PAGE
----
Neonatal Lupus Erythematosus

Joanna M. Burch, Lela A. Lee and William L. Weston


Dermatology Nursing. 2002;14(3) 

In This Article


In the group of mothers who are asymptomatic, one to two-thirds will develop rheumatic disease within 5 years (McCune, Weston, & Lee, 1987; Niemann et al., 2000). A Canadian study followed mothers of babies with cutaneous NLE and those with CHB for a mean of 7 years. A much greater percentage (75%) of mothers of babies with cutaneous disease developed symptomatic rheumatic disease; 56% of mothers of infants with CHB remained asymptomatic (Lawrence, Luy, Laxer, Krafchik, & Silverman, 2000).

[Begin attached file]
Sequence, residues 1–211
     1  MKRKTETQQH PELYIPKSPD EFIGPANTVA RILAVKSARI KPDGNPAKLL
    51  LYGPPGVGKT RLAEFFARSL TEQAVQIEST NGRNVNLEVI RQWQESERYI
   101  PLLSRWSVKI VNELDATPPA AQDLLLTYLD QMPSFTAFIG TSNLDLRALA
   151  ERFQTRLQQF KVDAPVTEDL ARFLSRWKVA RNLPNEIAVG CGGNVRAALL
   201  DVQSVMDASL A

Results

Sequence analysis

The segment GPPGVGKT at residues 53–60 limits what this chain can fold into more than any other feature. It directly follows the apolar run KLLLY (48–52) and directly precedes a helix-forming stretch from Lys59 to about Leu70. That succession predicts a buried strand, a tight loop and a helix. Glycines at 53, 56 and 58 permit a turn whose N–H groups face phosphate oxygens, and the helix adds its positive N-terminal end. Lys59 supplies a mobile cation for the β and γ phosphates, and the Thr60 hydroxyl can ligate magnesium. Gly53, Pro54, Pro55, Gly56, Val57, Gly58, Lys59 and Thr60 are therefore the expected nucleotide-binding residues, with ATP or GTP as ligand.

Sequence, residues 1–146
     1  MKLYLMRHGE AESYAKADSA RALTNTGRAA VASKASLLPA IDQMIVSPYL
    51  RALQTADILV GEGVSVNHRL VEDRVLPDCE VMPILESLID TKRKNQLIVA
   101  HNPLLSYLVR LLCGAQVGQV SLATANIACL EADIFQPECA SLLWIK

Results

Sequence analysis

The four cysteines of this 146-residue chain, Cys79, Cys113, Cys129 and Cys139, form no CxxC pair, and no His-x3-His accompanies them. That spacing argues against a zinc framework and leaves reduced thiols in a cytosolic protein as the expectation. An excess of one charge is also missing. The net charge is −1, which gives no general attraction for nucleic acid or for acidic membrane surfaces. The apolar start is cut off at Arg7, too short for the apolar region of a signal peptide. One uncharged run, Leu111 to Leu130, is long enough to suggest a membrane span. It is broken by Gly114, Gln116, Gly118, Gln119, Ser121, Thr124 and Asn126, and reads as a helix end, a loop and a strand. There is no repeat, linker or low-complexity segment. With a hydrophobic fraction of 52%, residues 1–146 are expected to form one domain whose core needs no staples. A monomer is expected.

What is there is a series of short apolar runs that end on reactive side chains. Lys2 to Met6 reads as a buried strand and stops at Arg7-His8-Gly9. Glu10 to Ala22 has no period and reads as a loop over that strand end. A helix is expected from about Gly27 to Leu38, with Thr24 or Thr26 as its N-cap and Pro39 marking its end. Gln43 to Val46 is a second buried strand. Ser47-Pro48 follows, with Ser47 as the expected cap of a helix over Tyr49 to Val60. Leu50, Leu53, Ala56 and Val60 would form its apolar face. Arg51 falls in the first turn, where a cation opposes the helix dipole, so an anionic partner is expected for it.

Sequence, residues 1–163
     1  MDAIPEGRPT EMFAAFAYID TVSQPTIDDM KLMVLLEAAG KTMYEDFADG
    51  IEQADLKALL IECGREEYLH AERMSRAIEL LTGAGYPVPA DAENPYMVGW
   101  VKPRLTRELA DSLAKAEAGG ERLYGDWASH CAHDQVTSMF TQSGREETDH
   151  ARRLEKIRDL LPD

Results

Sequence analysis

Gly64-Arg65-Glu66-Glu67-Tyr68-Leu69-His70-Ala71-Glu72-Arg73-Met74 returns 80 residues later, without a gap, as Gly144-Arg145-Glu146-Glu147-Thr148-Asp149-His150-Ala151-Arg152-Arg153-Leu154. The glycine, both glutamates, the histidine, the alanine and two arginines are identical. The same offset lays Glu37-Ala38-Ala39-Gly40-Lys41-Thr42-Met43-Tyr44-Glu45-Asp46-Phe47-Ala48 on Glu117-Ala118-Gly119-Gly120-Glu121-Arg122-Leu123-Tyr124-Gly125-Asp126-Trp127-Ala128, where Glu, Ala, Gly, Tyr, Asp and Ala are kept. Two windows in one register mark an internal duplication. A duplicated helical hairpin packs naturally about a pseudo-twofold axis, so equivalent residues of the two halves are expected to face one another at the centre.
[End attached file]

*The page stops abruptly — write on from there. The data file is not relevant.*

There have been case reports of infants with NLE going on to develop SLE as adolescents. Five of 57 patients reviewed in the NLE registry developed autoimmune syndromes within 6 years: autoimmune thyroiditis, juvenile rheumatoid arthritis, Raynaud's disease, and systemic lupus erythematosus (Neiman et al., 2000).

About 1 in 200 women is positive for anti-Ro antibodies. The risk for mothers who are anti-Ro antibody positive to have an affected infant is about 0.5%. If the mother has a previously affected infant, the risk increases to about 20%, regardless of whether CHB or cutaneous NLE was present (Neiman et al., 2000).


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